Get experienced people around you who know where you're going, rather than where you've been. It's so important to have somebody on your board who has seasoned distribution experience at a company multiple times your size. The most important thing we did when we merged—we were at about $100 million in revenue—is that we made it a point to recruit three CEOs to our board who had built similar software service businesses of between $750,000 to $1 billion in size. I can't begin to tell you how much I learned in the following two years. You've got to talk to people who have been where you're going. If you're hiring in sales, you've got to get a salesperson who has been where you've got to get to. If you’re still an emerging business, don't hire somebody who sold the same thing you sell today because their experience base is not going to push you. You're not going to grow, and you're going to find yourself unable to scale, as Deepak put it, when you're at that next point.

          Always hire out in front of your needs and hire the very best you can get. The challenge is understanding what the best is, and I'll challenge you to think high all the time. Hire upwards all the time, and, whenever you hire, ensure that the person is going to raise the level for all the management on the team. I can't stress that enough, and I think everybody else has made the same point about the critical nature of hiring.

          Next is compelling knowledge. When a CEO comes in with a business plan, I always try to ask about competition and the field right away. That's going to tell you an awful lot about what they know about their business. You never, ever stop learning about the field. Every time you lose a major order, you had better dissect why, and you had better understand why you won the business that you won. This was Cory's point.

          You have to know where your competition is coming from. This story goes back into the late 1980s when we were talking to IBM about what was happening in the distributed systems area. They really did not read their market. They weren't listening to the right customer bases. They weren't out there collecting the right intelligence. As they focused on DEC as the player infringing in their market, they didn't see Novell or Microsoft eating their lunch in the distributed systems area. They also didn't realize how much the database management area was changing by the mid 1980s. They were listening to their standard voices as opposed to being out in the field, one step off the competition.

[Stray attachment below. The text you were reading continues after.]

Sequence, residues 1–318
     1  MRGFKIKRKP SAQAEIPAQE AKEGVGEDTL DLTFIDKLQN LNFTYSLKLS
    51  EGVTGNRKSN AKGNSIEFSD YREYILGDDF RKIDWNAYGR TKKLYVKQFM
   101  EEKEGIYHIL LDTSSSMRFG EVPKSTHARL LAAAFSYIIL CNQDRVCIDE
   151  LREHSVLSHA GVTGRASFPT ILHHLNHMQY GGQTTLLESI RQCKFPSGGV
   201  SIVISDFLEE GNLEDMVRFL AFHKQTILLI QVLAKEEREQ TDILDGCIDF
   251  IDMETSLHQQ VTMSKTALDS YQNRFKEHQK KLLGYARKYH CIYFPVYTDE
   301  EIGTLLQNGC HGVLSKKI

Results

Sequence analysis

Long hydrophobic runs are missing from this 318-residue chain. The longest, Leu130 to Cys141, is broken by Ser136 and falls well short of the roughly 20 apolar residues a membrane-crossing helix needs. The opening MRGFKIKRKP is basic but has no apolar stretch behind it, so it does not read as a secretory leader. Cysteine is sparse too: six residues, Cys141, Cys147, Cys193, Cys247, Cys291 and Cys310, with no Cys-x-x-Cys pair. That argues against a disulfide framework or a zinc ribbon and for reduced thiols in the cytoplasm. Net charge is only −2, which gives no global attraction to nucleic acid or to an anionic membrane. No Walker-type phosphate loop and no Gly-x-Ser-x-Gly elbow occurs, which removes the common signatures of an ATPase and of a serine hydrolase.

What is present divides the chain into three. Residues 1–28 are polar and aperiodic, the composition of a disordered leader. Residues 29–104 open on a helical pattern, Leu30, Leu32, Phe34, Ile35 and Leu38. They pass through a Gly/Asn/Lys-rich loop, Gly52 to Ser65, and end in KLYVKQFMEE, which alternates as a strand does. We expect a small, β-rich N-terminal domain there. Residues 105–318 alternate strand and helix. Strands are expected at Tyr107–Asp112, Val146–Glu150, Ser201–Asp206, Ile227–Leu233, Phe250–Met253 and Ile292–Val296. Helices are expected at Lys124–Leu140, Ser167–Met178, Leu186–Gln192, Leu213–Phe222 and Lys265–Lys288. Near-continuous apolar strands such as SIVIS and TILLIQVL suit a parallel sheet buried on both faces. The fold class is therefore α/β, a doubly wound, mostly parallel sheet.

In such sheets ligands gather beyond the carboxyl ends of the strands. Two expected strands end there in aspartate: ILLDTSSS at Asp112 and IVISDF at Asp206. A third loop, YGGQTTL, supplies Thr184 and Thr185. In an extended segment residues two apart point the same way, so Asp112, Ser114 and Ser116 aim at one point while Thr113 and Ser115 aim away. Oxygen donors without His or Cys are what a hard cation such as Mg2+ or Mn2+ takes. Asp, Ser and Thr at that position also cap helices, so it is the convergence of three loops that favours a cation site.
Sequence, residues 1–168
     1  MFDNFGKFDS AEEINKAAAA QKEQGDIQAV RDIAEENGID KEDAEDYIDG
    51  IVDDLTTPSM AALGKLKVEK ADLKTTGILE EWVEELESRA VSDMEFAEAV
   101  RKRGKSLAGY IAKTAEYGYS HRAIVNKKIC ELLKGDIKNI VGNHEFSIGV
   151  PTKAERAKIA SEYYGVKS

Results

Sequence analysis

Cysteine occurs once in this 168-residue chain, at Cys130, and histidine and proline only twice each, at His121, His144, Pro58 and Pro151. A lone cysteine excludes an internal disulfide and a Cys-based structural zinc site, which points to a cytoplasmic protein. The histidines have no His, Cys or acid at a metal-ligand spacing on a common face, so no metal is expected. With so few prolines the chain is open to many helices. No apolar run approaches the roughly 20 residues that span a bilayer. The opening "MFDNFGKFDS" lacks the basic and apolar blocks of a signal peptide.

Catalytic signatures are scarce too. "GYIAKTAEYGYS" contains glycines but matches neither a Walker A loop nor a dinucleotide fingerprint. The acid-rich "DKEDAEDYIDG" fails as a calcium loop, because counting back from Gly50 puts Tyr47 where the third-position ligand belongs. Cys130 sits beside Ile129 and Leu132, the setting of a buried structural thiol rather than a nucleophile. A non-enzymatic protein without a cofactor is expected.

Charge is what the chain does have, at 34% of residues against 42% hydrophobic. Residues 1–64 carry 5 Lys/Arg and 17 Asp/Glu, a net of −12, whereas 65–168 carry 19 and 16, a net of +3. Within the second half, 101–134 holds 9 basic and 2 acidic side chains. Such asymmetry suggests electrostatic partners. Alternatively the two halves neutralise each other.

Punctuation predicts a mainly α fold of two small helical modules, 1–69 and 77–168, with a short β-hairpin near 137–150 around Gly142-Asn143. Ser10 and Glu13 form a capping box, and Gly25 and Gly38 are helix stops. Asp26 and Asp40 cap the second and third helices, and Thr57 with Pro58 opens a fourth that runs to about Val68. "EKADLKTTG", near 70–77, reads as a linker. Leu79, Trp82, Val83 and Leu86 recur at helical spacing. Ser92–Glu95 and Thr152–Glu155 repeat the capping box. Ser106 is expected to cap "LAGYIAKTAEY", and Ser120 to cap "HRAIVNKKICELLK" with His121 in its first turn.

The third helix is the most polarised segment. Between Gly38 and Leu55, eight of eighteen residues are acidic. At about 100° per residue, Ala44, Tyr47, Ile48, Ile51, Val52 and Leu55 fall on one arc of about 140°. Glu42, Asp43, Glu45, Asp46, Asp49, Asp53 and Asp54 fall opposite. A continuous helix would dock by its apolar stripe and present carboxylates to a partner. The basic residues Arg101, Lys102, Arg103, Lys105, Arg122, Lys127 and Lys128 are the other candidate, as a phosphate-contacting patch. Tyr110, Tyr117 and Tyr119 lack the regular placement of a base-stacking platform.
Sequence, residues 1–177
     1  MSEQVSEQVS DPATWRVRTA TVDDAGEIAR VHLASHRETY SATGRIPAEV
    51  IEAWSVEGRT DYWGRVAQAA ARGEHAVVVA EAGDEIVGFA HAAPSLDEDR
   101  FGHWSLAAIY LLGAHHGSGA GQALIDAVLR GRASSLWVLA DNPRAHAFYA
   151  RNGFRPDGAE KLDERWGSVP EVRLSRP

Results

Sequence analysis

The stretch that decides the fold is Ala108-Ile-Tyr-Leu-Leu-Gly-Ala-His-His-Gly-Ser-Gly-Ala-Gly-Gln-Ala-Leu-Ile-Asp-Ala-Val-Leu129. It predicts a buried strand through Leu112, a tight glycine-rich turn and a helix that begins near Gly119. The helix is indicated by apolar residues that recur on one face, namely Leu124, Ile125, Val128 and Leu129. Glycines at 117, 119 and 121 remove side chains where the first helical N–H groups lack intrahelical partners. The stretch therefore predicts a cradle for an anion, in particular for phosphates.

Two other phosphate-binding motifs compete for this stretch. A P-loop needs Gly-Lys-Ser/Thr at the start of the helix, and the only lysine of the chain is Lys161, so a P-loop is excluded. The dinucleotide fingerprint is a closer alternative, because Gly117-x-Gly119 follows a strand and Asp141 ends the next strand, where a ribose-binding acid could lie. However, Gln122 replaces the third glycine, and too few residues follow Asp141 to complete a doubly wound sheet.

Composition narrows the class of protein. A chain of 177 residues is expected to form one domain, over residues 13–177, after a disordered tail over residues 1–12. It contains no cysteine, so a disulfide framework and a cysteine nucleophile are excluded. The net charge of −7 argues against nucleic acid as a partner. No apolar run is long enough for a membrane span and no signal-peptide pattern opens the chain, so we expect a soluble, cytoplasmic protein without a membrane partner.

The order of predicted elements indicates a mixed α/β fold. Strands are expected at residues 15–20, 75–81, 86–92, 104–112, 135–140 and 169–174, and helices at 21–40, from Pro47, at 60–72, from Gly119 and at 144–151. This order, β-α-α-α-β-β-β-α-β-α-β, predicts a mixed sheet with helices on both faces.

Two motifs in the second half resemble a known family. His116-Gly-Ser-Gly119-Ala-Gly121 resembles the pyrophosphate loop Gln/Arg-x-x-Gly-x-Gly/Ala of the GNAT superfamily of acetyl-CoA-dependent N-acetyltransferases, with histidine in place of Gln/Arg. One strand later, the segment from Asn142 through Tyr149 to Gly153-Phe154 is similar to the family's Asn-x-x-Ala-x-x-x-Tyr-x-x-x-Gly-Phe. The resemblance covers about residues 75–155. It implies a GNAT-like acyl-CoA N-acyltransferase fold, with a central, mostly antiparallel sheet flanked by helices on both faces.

How far do you go? All the way. We used to have telemarketing teams that followed the competition. If they ran a seminar, we would debrief the area to find out who went and we would come right in behind them. It was terrific. They created interest, and we would come in and sweep behind them and pick up the business. We knew what they were doing, and we stayed right on their trail the entire time. You breathe, eat, and sleep your competition. You have to.

          Next, the values and culture. I think great sales organizations start with the CEO. If it's all coming strictly from the EVP of Sales, you're already making it hard for that person to be successful. The culture of an organization starts with a CEO, and you don't have to be a salesperson to eat and breathe it. I began to really respect sales. I realized that with all the great technology around, nothing mattered if we couldn't sell. As basic as that sounds, it's a huge admission to realize that your great product can't sell without a good sales force.

          I emphasize the importance of the CEO setting that culture, and it's not just in sales, it's a continual process with the client. At one point I went to 25 CIOs that I knew pretty well in the industry. We were trying to bring a message to our own sales force. I asked the CIOs, “What is the most important thing you see in salespeople? What do you want to see?” What came back were not words you often ascribe to some salespeople, unfortunately, although they should be because your best salespeople live up to them. The words were values, integrity, and honesty. Twenty-five top CIOs in the country, and notice what they said. What did they want? “I want salespeople to help me solve my problems and I want them to be straight with me.” Pretty simple, isn't it? Part of that is having that “compelling knowledge” we talked about, because it's about the value to the client. It's about how your products and services relate to their issues. It's about understanding their priorities. Sometimes you have to back off because you're simply not on their priority list, and you have to figure out how your products are going to solve one of their priority needs. Their other interesting comment was, “Stop treating me like a customer and start treating me like a person. Take me from being an object, a quarterly stat, to realizing that we’re people.” Pretty basic stuff. Great salespeople and great executives realize it's about relationships and people. You set the tone and you give them the confidence that you're going to be there to help them solve their problems, that you're going to marshal your resources to get it done. It's not about sales. It's not about support. It's not about development. It's not about contracts administration. It's not about collectables. It's about you as a team solving that client's problem. That's the ultimate sales machine.

          Thank you all very much.